SHA elections now underway: who to vote for and why it matters


Voting in the Labour-affiliated Socialist Health Association (SHA) national elections opened this week.

Red Labour has backed a list of candidates that it considers to be genuine socialist health activists campaigning for NHS re-nationalisation: twenty candidates to the SHA’s Central Council decision-making body, plus the current treasurer Tom Fitzgerald.

As with many of the so-called ‘socialist societies’, the SHA was for many years a ‘centrist’ stronghold. It has been accused of failing to hold the Labour Party to account on NHS privatisation and of putting out often ambiguous public views on the subject. SHA members dramatically changed this by electing socialist, pro-Corbyn national officers last year.

As a result, the SHA’s 2017 Labour conference motion – put forth by 25 constituency parties (CLPs) – challenged Labour’s shadow health team to commit the party instead to:

  • properly restore the NHS on its founding principles “as per the NHS [Reinstatement] Bill”
  • to oppose Tory healthcare policy, which has been quietly channelled outside parliament by NHS England (when it’s not being taken to court by Stephen Hawking).

But claims have been made that the ‘old guard’ is now standing for the Central Council with a new Corbyn-esque rhetoric, claiming anger at privatisation after years of dismissing opposition to it as ‘misguided’, or claiming credit for the health sections of Labour’s 2017 General Election manifesto, even though Labour conference was in fact highly critical of health commitments in an otherwise excellent manifesto:

A number of former SHA Chairs are standing as candidates for the SHA Central Council. Also standing is Dame Jane Roberts, who resigned from her SHA role in 2017 and is, according to her Cambridge University profile, a trustee of the IPPR think-tank, which is run by a recent employee of a major health privatiser.

These candidates are not in the slate endorsed by Red Labour. The organisation is asking SHA members to vote for:

Treasurer: Tom Fitzgerald

Central Council:

-Dr David Wrigley
-Judith Varley
-Dr Andy Thompson
-Dr Kathrin Thomas
-Dr Brian Gibbons
-Mike Roberts
-Jessica Ormerod
-Corrie Lowry
-David Llewellyn Davies
-John Lipetz
-Mark Ladbrooke
-Dr Guy Baily
-Dr Coral Jones
-Dr Tony Jewell
-Vivien Giladi
-Dr Tom Fitzgerald
-Dr Jacky Davis
-Nicolas Csergo
-Ruth Appleton
-Carol Ackroyd

SHA members who want to make sure Labour takes the firmest possible stance against corporate interests and adopts healthcare policies that benefit patients should ensure that their votes go to the candidates listed above.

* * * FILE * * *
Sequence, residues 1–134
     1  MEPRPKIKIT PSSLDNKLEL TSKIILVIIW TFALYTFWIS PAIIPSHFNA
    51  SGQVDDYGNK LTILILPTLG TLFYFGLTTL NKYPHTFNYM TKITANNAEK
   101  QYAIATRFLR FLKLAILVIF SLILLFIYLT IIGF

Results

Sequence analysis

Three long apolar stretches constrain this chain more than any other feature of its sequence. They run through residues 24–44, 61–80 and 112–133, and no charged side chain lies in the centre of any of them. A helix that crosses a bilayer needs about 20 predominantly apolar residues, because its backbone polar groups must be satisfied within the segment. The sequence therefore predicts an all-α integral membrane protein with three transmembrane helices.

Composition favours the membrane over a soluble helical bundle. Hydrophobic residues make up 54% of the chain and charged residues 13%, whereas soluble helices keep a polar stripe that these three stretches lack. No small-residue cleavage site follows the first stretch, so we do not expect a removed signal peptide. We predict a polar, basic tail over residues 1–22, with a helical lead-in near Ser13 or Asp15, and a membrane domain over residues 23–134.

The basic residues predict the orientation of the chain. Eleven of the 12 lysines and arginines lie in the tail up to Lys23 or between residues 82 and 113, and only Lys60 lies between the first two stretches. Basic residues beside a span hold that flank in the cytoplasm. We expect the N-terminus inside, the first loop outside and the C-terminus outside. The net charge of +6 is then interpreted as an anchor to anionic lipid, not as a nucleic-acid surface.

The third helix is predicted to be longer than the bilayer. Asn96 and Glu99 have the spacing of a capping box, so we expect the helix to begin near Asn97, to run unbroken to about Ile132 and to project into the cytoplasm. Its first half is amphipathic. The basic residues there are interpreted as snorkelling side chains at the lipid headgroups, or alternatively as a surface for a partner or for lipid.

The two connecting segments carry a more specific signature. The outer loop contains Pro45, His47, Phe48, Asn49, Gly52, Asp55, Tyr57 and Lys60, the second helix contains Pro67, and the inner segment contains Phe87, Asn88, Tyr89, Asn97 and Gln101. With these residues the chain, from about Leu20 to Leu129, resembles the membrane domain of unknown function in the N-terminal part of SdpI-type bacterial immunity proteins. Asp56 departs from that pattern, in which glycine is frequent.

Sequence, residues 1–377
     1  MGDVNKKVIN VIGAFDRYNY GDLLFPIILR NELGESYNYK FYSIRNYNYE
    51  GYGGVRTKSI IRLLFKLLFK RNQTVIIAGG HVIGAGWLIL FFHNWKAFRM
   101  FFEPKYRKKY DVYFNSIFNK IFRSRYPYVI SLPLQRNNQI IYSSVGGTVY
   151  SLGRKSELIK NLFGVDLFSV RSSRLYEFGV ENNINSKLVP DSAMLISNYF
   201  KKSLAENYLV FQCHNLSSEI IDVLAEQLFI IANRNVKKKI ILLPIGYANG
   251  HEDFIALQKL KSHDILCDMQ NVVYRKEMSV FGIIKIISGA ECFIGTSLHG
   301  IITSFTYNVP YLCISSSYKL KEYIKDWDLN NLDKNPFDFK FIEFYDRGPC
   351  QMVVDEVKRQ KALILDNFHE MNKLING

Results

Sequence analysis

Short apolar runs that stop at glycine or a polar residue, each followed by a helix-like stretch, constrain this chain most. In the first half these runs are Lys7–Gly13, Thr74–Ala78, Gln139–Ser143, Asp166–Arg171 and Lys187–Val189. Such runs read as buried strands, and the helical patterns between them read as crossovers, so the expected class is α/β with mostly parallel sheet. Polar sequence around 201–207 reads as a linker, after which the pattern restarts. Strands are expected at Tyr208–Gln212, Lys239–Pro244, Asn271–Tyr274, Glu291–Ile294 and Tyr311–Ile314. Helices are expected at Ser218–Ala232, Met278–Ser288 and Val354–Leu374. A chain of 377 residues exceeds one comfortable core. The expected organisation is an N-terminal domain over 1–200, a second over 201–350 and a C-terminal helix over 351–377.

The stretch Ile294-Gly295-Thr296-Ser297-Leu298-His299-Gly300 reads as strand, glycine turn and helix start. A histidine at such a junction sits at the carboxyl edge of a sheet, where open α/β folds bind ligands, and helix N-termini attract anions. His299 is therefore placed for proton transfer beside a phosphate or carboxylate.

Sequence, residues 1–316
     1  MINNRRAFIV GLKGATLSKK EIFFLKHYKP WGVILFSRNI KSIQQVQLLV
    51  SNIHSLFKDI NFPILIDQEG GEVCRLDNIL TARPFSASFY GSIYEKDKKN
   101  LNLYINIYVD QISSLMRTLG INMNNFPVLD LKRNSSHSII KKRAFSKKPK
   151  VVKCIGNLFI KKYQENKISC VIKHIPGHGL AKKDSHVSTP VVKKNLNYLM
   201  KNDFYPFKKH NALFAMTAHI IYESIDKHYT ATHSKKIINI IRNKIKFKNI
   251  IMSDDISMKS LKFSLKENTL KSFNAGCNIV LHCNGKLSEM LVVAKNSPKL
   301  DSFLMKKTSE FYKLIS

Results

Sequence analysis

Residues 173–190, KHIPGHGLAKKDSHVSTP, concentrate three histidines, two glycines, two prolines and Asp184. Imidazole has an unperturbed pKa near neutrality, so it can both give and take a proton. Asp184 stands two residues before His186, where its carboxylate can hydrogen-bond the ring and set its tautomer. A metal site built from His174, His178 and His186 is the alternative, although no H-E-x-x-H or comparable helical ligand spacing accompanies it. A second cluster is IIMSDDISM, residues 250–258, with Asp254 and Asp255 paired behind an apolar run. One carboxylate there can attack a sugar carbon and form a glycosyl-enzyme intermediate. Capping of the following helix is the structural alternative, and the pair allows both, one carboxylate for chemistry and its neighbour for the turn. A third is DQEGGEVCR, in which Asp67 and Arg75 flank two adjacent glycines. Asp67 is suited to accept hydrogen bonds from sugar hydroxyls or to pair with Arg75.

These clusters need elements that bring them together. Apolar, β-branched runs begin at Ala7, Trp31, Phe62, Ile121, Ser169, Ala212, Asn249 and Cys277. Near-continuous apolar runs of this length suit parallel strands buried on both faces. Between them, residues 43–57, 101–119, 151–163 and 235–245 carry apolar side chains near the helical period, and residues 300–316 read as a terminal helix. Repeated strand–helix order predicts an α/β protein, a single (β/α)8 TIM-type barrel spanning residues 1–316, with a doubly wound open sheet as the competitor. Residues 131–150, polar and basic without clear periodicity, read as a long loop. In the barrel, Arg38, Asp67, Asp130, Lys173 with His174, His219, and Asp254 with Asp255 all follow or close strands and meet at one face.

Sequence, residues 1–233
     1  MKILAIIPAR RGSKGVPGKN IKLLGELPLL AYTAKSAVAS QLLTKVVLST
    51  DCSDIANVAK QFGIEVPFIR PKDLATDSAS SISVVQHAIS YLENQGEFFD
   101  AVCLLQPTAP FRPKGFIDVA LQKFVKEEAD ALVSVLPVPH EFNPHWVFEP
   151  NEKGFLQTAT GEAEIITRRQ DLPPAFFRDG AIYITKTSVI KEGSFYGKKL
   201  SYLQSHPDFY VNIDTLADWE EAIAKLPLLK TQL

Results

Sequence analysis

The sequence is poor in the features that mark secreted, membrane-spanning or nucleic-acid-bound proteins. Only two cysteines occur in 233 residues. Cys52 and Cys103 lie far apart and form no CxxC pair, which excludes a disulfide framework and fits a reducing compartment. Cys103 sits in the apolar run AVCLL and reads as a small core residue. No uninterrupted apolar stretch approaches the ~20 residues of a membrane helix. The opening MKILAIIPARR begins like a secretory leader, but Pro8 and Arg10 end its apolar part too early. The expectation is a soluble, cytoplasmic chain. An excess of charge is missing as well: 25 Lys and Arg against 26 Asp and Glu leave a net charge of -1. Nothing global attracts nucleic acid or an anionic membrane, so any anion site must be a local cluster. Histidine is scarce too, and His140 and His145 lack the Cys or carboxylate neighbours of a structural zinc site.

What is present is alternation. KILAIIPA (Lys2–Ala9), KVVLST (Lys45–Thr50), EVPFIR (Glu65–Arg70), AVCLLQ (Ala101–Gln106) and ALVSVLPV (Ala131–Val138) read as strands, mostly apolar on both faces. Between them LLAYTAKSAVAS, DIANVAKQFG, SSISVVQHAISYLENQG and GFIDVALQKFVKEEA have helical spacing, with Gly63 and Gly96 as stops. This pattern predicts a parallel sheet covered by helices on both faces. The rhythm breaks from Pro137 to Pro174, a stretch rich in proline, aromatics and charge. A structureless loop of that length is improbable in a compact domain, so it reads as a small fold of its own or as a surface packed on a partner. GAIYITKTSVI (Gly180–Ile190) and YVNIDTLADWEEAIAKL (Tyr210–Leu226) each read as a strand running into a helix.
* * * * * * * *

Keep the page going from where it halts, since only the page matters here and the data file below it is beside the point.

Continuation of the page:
For detailed information on the NHS-related issues of Labour’s 2017 manifesto, see health campaigner Professor Allyson Pollock’s analysis here.

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  1. ‘These candidates are not in the slate endorsed by Red Labour, which is asking SHA members to vote for:’

    Perhaps, this should be rewitten as two separate sentences. At first glance, it seems as if members are being asked to not vote for the Red Labour list.

    1. Yes, I was a bit confused by that initially, but then it does say – just after the list of names – that:

      SHA members who want to make sure Labour takes the firmest possible stance against corporate interests and adopts healthcare policies that benefit patients should ensure that their votes go to the candidates listed above.

  2. Some on the right do seem suddenly to want to cuddle up to the rest of us.

    Soon they’ll be whining that hanging on to power like grim death was for our own good – to protect us – keep us from the harm we’re too childish to see, much as an older brother looks after the inexperienced younger.
    We may fight but family’s family, right?

    In other words, “Pleeeese, please don’t take our cushy sinecures away, we’re all on the same side – we’re real socialists too, honest.”

    Took them long enough to figure out that we’ve got more mates than they do, didn’t it?

  3. The following is an extract from the Allyson Pollock analysis:

    The next Labour manifesto must now remedy the catastrophe that is unravelling and commit to the NHS Reinstatement Bill. Unless this happens, there will be no NHS.

    The Bill proposes to fully restore the NHS as an accountable public service by reversing 25 years of marketisation in the NHS, abolishing the purchaser-provider split, ending contracting and re-establishing public bodies and public services accountable to local communities. This is necessary to stop the dismantling of the NHS under the HSC Act 2012. It is driven by the needs of local communities. Scotland and Wales have already reversed marketisation and restored their NHS without massive upheaval. England can too.

    The question is: Why weren’t they ALREADY committed to it?

    1. Jeremy, John and a number are/were but not Jon Ashworth or before him, Heidi Alexander. Margaret Greenwood has several times tried to introduce the Reinstatement Bill in opposition debates but the ‘centrists’ have never supported it wholesale.

      1. Yes, I understand that, but why wasn’t it in the last Labour manifesto.

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